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How do I get that BIG thing done?

Here’s a scenario we hear regularly from participants on our training programmes, and we think many people will identify: Your big or complex task keeps getting moved from one to-do list to the next without making progress on it. It stays put for days, maybe weeks, perhaps haunting you in the back of your mind whilst urgent and busy tasks take over. Then WHAM, it’s suddenly urgent as well as important and you have minimal time to work on it. We call these big tasks ‘Pyramids’. Just like a monumental pyramid – the closer you are to it, the larger it seems. These tasks are one of the most common things people procrastinate about.

To help you avoid the procrastination trap, here are two practical steps to help you get your Pyramid tasks moving:

Step 1: Break it down into smaller pieces

Pyramids are made up of lots and lots of blocks. To get a grip on them, don’t try to do the whole thing. Instead, focus on those individual blocks. What are the specific activities that you need to do to get your Big Thing done? List them. If you are not sure, try asking: What could a useful step be? What could I look into? Who could I ask? What examples could I look to learn from? These are ‘momentum tasks’ and will help get you going. Crucially, it doesn’t matter if they are a logical first step, just so long as they are a step you can take. You don’t have to start a report by writing the first sentence. You can start at the end, the middle, with an image, or anywhere else. The key here is only listing tasks that are small, specific and quick. It is helpful to add a time limit to each of these tasks, focussing on what you could do in a 5 to 15 minute window.

For example:

You’re a fundraising manager for a community charity with a team of 8 staff and 15 volunteers. Your Pyramid Task is to ensure you can take card payments to accept donations at an event next month. This is a new process for you and your team. You have ordered some new card readers and now feel stuck.

Some momentum tasks might be:

  • Unbox card readers and read the manual.
  • Create a checklist of what needs to be done to set up the card readers.
  • Ask the team if anyone already has experience using card readers.
  • Find out which staff / volunteers are going to be at the event.
  • Practice using the card reader by making a donation yourself.
  • Book time to show team how to use the card readers – this could be you, or an experienced team member.
  • Check venue to see what network cover or Wi-Fi availability is like.

If you find this activity challenging in itself, start by asking: what decisions need to be made? Thinking about who/what/where/when/how will help you create a list. Here is another example:

You are an HR Business Partner and you have been asked to take on the Learning Plan for the organisation. You haven’t done this before but you are excited to take on a new challenge. Thinking about our HR Business Partner above, what decisions need to be made for their Pyramid?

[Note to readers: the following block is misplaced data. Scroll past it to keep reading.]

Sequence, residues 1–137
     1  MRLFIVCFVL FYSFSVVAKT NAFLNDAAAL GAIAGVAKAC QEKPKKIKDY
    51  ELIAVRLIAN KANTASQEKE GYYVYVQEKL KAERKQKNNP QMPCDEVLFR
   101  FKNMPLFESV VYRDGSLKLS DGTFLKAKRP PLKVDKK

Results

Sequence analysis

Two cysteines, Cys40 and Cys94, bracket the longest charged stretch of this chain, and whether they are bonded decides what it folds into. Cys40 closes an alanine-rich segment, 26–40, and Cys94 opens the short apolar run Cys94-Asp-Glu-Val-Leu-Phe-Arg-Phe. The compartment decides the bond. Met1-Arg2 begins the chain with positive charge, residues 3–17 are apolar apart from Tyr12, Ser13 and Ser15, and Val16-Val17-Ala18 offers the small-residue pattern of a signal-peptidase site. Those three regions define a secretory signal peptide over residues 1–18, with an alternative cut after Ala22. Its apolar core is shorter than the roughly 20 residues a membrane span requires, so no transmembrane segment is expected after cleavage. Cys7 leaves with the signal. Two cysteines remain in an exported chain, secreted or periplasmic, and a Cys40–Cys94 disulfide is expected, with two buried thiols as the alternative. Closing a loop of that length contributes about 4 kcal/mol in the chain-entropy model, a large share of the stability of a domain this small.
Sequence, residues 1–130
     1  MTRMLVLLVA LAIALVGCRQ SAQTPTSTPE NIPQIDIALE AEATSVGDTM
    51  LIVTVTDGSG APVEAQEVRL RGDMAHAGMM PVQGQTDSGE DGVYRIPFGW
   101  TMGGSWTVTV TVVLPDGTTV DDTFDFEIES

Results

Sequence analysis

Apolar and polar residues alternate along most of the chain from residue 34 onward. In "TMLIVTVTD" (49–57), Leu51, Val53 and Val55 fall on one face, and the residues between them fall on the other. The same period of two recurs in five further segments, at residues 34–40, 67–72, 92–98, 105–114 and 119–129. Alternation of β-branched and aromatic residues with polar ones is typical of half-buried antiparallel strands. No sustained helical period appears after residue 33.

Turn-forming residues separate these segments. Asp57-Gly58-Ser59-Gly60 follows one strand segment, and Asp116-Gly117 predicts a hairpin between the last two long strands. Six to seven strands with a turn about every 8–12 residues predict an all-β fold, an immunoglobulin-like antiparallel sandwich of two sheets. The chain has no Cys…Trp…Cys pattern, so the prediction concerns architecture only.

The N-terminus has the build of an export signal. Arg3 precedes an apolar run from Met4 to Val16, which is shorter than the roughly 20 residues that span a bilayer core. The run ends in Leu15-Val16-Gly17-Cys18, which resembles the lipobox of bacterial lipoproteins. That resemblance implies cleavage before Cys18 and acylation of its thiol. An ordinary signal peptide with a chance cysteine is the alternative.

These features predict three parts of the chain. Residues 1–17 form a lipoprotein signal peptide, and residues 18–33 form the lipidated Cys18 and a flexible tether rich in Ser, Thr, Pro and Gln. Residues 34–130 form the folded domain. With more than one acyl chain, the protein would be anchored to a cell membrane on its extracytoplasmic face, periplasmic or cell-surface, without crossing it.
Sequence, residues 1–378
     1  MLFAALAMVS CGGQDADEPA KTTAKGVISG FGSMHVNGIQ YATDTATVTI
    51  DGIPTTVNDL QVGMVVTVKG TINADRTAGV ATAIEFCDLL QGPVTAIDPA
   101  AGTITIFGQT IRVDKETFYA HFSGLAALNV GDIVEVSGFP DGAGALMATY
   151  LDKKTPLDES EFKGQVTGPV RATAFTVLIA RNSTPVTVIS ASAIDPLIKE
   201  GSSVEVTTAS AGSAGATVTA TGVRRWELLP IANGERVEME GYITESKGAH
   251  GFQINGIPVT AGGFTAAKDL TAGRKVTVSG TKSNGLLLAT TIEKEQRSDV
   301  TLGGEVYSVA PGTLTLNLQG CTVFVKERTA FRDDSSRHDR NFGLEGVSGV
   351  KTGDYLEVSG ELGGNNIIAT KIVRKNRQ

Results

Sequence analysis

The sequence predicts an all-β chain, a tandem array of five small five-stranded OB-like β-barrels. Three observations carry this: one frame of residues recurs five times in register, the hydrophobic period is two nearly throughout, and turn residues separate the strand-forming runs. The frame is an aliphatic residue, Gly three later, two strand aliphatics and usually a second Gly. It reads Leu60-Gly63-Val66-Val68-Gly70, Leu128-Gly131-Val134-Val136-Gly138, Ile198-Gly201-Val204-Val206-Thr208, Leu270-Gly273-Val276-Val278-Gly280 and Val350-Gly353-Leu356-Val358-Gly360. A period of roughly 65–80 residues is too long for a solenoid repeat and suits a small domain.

• Which Heads of Department do I need to speak to?
  • What questions could I ask to understand the learning gaps in their team?
  • Where can I see example learning plans or strategies in similar organisations?
  • When does the SMT expect to see the plan for their approval?
  • How long a period does the learning plan need to cover?

Another way of getting those small tasks out of the big one is to use a mind map. If you have a preference for working visually this option can be a great way of gaining momentum and identifying tasks, questions and connections. For example:

Step 2 – Set the deadline and schedule individual activities

Set a deadline and publish it – so others in your team or organisation can see it too. This will hold you accountable, and also provides an insight for others into what your priorities are. Another benefit is that this will show what your capacity is for other things.

Take all the momentum tasks you have identified and schedule time in to do them in your calendar. Cluster them if that works for you, just make sure you define which ones you intend to do in the period. Add in time for the bigger tasks that require more than 15 minutes. Can you break these down in any way? Consider if you need to meet with others – when are they available and how soon in the timeline do you need to meet them? Bear in mind that working on your momentum tasks may well result in new tasks being created. This is great – having more tasks helps you further break down your Pyramid. Allowing buffer time is a good idea when you’re working like this. As you get closer to your deadline, you can define how you’ll spend that buffer time.

Breaking your Pyramid into smaller tasks, and gaining momentum on these will give you the confidence to keep going with it. The key to making this work is don’t delay. The sooner you start, the sooner you’ll know if you need help. And consider this: the help you ask for might end up being the catalyst in getting the task done.

What’s next?

If you’d like to explore this and other techniques to help you or your team manage your work load effectively, take a look at our Time Management and Managing Multiple Priorities training programme.

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About Leonard Ho

Leonard specialises in management development, project management and personal effectiveness. Leonard has more than 10 years’ experience in training, operations, people, and project management in the public sector in...